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Hostage-taking wave has roots in poverty
(China Daily)
Updated: 2004-10-21 09:05

The wave of kidnapping and hostage taking incidents has sent shockwaves around the nation. The frequency of the cases is unprecedented and they are fast turning into one of the biggest public threats in peacetime, said Professor Gao Feng of Beijing Police Academy.

In the past, such cases were mostly gang-related, the result of organized crime. But today they are mainly the product of desperate individuals who are out for a quick buck.

Some of those who used to steal and mug have got so impatient that they have now resorted to taking hostages, claimed Zhao Enbo, professor of Jilin Justice and Police Academy. "It has something to do with the get-rich-quick mentality of our society."

Each anti-corruption story seems to involve a more astronomical figure of bribery or embezzled fund. Businessmen dabble in forgery to make their first pot of gold. In this atmosphere, even pickpocketing has lost its recklessness. Kidnappers are now asking for millions or tens of millions in ransom money. Sometimes they are armed just with a penknife.

Many kidnappers are rural labourers who try to overcome poverty by seeking jobs in the city. Instead they become victimized by exploitation, cheating or are spurred by a heavy dose of jealousy. Their targets tend to be urban residents with cars, businesses or those who frequent luxury hangouts.

Sun Zhe definitely belongs to the wealthy class. Besides receiving the salary of a senior executive in a profitable line of work as the president of Changchun Diabetes Hospital in North China's Jilin Province, also earns upward of 1 million yuan a year from royalties from a drug he invented.

When he got out of his Audi and strode into the city's five-star Noble Hotel on a summer day in 2000, he was carrying 10,000 yuan (US$1,200) in cash, a sum he prepared for dining out with a friend from Beijing.

In the elevator, he was taken hostage by 21-year-old Wang Taosheng. "Give me your money!" Wang threatened, wielding a dagger.

After handing over the stash of cash, Sun said: "My friend, I can see that you're not the kind of person who does this. You must have encountered some difficulty and you have no other options. If you don't harm me, maybe I can help you."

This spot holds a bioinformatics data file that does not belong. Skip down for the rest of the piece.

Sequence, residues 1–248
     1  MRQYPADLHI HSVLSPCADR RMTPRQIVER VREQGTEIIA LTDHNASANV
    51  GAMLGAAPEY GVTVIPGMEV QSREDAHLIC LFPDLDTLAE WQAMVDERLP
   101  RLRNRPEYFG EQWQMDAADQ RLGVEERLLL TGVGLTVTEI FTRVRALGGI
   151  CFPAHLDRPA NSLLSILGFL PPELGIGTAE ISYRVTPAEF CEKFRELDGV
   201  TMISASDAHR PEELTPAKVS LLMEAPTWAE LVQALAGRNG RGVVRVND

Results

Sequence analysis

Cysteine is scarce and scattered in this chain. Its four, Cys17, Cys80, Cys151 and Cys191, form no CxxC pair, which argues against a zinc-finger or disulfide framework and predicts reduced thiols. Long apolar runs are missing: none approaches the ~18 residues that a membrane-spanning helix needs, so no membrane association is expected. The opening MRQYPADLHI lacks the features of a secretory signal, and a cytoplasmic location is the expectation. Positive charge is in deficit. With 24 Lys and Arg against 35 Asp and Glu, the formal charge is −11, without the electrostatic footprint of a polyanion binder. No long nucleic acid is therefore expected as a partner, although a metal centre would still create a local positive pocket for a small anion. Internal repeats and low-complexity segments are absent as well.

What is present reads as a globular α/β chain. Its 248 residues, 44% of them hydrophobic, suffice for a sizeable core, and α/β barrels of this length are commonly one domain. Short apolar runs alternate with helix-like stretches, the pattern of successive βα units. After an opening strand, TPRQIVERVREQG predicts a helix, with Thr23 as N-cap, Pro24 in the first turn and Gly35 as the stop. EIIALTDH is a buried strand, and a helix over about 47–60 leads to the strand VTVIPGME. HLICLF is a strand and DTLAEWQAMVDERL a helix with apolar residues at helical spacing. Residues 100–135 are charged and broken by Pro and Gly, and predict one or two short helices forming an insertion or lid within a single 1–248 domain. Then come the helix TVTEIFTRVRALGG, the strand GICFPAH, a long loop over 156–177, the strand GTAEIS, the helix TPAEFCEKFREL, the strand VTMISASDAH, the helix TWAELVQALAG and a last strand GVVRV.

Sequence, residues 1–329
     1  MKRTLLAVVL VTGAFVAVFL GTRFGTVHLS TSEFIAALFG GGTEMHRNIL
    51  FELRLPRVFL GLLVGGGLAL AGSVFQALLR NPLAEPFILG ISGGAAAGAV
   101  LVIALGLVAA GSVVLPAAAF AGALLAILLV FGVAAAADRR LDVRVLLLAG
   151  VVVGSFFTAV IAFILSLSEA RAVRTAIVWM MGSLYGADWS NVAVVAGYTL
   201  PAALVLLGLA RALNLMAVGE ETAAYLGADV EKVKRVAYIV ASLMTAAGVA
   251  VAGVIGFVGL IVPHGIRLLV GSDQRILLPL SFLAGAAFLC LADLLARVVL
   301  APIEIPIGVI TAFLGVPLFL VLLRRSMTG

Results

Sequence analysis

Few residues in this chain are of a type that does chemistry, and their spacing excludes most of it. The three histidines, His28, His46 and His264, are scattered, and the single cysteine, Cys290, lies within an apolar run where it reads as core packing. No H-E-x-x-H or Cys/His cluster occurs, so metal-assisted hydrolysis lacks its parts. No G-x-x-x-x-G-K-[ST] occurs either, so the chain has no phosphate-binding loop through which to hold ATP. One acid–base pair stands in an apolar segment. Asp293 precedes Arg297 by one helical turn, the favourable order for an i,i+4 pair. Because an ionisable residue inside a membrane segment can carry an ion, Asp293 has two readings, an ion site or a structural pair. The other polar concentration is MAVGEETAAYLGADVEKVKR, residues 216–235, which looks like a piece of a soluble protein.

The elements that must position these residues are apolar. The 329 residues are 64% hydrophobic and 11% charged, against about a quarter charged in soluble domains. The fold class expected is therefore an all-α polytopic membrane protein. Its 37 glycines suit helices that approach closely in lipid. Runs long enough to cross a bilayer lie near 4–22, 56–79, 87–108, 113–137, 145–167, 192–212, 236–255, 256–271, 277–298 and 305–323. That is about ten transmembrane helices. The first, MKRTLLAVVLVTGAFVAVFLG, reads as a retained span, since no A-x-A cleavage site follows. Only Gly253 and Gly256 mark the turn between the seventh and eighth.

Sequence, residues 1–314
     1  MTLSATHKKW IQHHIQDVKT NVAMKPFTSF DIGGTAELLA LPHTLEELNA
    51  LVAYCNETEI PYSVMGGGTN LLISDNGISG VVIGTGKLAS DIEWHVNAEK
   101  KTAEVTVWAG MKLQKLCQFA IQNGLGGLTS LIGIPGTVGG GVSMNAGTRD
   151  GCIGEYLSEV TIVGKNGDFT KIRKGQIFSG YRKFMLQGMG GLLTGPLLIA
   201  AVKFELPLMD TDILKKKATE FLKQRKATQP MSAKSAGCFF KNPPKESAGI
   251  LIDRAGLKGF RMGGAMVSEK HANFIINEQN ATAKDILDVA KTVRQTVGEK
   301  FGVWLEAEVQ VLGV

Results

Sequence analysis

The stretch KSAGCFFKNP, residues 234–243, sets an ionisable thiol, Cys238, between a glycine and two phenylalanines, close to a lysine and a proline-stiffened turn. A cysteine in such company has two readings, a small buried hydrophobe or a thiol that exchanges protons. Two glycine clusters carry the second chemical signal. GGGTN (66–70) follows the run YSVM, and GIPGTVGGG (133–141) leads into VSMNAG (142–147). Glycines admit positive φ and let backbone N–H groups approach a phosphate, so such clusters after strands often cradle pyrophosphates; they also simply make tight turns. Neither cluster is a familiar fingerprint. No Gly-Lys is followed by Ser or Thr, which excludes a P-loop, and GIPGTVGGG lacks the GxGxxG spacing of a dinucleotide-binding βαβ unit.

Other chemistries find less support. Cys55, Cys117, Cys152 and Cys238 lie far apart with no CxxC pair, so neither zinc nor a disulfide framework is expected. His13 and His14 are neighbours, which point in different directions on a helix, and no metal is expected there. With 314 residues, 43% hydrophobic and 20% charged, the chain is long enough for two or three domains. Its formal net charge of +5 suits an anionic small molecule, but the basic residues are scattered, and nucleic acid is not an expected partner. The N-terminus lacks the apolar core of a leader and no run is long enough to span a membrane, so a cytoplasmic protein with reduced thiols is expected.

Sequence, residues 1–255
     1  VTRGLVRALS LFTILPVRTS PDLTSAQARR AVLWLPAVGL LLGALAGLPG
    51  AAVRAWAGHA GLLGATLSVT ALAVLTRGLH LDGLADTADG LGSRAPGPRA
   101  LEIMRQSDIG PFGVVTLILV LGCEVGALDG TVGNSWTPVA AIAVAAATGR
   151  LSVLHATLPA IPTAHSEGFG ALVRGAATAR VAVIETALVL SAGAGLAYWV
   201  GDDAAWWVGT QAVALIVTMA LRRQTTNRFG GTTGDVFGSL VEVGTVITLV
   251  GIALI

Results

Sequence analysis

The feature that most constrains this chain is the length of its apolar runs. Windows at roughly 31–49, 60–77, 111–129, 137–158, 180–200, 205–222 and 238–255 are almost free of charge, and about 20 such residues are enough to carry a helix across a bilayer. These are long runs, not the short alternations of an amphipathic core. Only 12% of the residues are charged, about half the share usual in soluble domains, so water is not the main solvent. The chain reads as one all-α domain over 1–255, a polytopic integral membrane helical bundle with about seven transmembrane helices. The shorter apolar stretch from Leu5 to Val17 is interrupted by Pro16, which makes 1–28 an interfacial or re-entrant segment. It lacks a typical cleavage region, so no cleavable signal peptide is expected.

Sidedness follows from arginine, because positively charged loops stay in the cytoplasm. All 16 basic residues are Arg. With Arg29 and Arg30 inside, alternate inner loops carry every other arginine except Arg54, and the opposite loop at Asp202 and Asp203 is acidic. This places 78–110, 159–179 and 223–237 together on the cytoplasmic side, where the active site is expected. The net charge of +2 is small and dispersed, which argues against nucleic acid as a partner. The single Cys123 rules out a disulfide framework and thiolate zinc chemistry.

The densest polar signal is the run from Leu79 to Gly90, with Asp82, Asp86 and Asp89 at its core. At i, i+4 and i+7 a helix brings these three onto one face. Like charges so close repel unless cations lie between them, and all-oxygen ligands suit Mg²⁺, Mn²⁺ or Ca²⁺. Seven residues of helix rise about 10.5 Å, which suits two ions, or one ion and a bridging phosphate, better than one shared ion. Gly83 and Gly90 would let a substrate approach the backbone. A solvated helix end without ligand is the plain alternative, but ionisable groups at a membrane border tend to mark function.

Wang dropped his dagger. Sun took him to the hotel cafe and ordered two cups of tea, thus starting a long conversation.

Wang came from the countryside. His mother was suffering from a heart ailment and needed to pay a big medical bill, and his father had a chronic disease. Early that year, Wang came to Changchun and got a job at a construction site. After six months and 10 days of back-breaking work, he was told that the boss had disappeared without leaving him a single penny in pay.

He got another job. Come pay day, the boss said his wife's cellphone was stolen and he suspected the workers did it. So he subtracted 300 yuan (US$36) from everyone's paycheck. That left Wang with only 200 yuan (US$24) for the month, hardly enough to feed himself.

"I was burned twice, so I felt all the world was against me," he said.

With both parents desperate for medical treatment and memories of all the injustices he had encountered, he decided to turn to crime and try his luck at the posh hotel. "I've never done anything illegal in my life, but where on earth can I get the money my parents need?"

After hearing Wang's story, Sun decided not to press charges. Instead he gave the youth 6,000 yuan (US$725) in aid and became his friend.

Wang paid his parents' medical bill and used the remaining fund to open a tofu mill. Sun helped him with his sales by tapping his connections. Now every morning before 8 am Wang delivers tofu to six factories and two hospitals.

"Hostage holdups are not only a crime issue, it is a broader social issue. Therefore, not only should the police think about it, but the whole society needs to reflect on it," said Sun.

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